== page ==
Technical gibberish

"The Ex-Executive Assistant" is a comedic story about a young man who loses both his job and his girlfriend on the same day.

Recap: Shep and Lyle were hanging out at home on Saturday morning when their grandparents dropped by for an unexpected visit. Shep bailed to visit his girlfriend, but immediately returned home after having a heated argument. Lyle’s grandpa says he found the perfect job for Lyle, which is why they wanted to visit. 

Lyle returned to the living room with two cups of tea and handed one to each of his grandparents. Shep sat in his recliner, taking a long sip from his mug.

“How’s that coffee?” Lyle’s grandpa asked Shep.

Shep grinned. “Intoxicating.”

“So, Grandpa,” Lyle said, taking a seat, “about that job?”

“What job?” his grandpa asked.

“What do you mean, ‘what job’?” his grandma said. “The job we drove all the way up here to tell him about – that’s what job! You don’t remember anything anymore.”

“My memory’s perfectly fine,” Lyle’s grandpa said. “I was just confused, that’s all. I thought he was asking about my job.”

“What job? You don’t even have a job! You’ve been retired for twelve years!”

“That’s why I was confused.”

“You’ve been confused all day. What’s wrong with you? You never would have found your way up here if it hadn’t been for me.”

“I’m just tired,” Lyle’s grandpa said. “I didn’t get enough coffee this morning.”

“We have coffee, Grandpa,” Shep said.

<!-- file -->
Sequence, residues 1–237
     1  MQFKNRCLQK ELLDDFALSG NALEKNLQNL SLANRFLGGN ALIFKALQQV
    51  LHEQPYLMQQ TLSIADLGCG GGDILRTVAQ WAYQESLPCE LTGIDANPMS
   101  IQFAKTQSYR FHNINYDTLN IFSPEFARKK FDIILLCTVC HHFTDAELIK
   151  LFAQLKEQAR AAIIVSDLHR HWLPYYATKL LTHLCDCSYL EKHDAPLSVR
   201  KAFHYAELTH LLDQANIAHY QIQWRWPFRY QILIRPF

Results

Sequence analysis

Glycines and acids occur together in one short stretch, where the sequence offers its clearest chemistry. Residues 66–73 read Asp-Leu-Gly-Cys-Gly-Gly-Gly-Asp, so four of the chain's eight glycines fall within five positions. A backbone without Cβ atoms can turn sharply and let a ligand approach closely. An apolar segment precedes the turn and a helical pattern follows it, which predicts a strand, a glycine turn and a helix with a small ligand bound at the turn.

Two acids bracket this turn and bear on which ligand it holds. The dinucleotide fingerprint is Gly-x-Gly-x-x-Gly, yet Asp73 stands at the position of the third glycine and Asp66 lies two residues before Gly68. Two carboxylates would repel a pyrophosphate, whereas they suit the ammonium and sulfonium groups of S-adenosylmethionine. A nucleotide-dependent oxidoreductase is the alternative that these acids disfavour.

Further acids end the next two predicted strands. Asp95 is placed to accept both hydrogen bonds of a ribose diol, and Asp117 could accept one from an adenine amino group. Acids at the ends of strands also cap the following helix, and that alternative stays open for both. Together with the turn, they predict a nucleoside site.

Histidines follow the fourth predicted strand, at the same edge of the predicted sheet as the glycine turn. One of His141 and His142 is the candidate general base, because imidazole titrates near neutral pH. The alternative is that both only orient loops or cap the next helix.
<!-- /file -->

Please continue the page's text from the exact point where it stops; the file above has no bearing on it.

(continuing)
“Right,” Lyle’s grandpa said, “but you don’t have creamer. What good is coffee if you don’t have creamer?”

“They gave you tea,” Lyle’s grandma said. “You’ll drink what you were served and you’ll like it.”

Lyle’s grandpa frowned. “But I don’t like tea.”

“You don’t have to drink the tea, Grandpa,” Shep said. “I can run to the store and get creamer.”

“You are not running to the store to get creamer!” Lyle’s grandma said, yelling. “He can drink the tea!”

Lyle’s grandpa looked at Shep. “I can drink the tea.”

“Grandpa,” Lyle said. “The job?”

“Ah. Right.” His grandpa pulled a crumpled piece of paper from his pocket and handed it to Lyle. “I found this posting on the Internet and immediately thought of you. I think you’d be perfect for it.”

Lyle skimmed the job description. “This is for a web developer.”

“Take a look at that salary!” his grandpa said. “Can you believe that? Who knew you could make so much with computers?”

“Grandpa, I don’t know anything about web development. I’m a journalist.”

“You know about web development,” his grandpa said, giving a dismissive wave.

“No I don’t. I don’t understand any of this.”

“What’s there to understand? It’s computers! You use computers all the time.”

“I can use a computer, but that doesn’t make me a web developer. It’s the same way I can drive a car, but I can’t change my own oil.”

“You can’t change your own oil?” Shep asked.

“I’m just trying to draw an example,” Lyle said.

“Changing your own oil is the easiest thing in the world.”

“No,” Lyle said, “taking your car to Jiffy Lube is the easiest thing in the world. They can do it in five minutes because they have the equipment and expertise.”

“I’ll change your oil if you don’t know how,” Shep said.

“I’m not talking about changing oil!” Lyle said. “I’m talking about web development!”

“What’s there to know?” Lyle’s grandpa asked. “It’s just using computers.”

“Grandpa, it’s more than just using computers. They have a whole list of requirements here, and I don’t meet any of them.”

His grandpa frowned. “What are you talking about?”

“It says here you need expert knowledge of Pearl, Javascript, MySQL, CSS spreadsheets and database management. You also need experience managing Linux-based servers and implementing network infrastructure.”

“So?”